A massive data breach at Activision allowed hackers to obtain usernames and passwords for hundreds of thousands of its customers’ accounts.
As I mentioned rightMore than 500,000 Activision accounts were compromised after user credentials were publicly leaked. Cyber criminals now use these credentials to log into user accounts and change their passwords so that the original owners cannot recover them.
The data breach was first reported by a user dealing with “oRemyy” on Twitter but was later confirmed by several content creators including TheGamingRevolution, Prototype Warehouse and Okami. in a TweetOkami confirmed the data breach and urged players to change passwords to their Activision accounts, saying:
“Yes, it’s legit guys. Change your Activision account passwords and add 2FA right away. Apparently, over 500,000 accounts have already been hacked and it’s still going on.”
Players use Activision Accounts to log into the company’s various Call of Duty titles including Warzone, Modern Warfare, and Call of Duty Mobile.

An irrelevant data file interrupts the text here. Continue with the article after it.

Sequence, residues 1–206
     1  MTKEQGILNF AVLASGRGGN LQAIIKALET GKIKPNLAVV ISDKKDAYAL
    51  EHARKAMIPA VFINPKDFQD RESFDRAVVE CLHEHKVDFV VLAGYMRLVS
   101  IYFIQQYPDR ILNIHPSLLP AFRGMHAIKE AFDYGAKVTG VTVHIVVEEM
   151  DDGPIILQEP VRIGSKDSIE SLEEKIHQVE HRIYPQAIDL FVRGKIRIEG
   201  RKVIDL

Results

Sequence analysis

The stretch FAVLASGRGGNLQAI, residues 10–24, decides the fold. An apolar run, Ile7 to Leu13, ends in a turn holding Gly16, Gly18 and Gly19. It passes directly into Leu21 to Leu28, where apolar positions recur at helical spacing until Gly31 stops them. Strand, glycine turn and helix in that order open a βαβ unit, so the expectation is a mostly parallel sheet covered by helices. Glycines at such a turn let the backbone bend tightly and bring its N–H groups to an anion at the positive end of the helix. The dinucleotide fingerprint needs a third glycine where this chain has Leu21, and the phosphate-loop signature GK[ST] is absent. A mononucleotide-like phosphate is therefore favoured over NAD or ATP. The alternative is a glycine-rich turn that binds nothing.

However, the only way to secure an Activision account is to change its password because the company does not offer two-factor authentication to secure it. In addition, to change their passwords, COD players must also unlink Battlenet, PSN, Xbox Live and any other accounts linked to their Activision account as well as remove any payment details stored in it.
At the time of writing, Activision has yet to comment publicly on the data breach, but it is possible that the company is busy working on a fix to secure its clients’ accounts.
Tripwire’s director of systems engineer, Dean Ferrando, provided more information on the data breach and explained what other companies in the games industry could learn from it, saying:
“There is a clear value in having personally identifiable information and user account details, but this is also a goldmine for malicious actors who intend to plan more attacks – whether phishing or otherwise. It is critical that the parties involved take all necessary steps to mitigate the consequences. This incident, which includes changing all their passwords, especially if they are used on accounts other than Activision.
“Game industry workers should take this opportunity to visit their security controls to ensure they are deployed appropriately. The security team should be able to easily assess the number of assets on the network, how secure their configuration is, and the vulnerability position of those assets. “Use this as a wake-up call to ensure that security is not just a checkbox for compliance. Organizations like Activision want to provide a safe and secure space for players and not an experience bypassing the game.”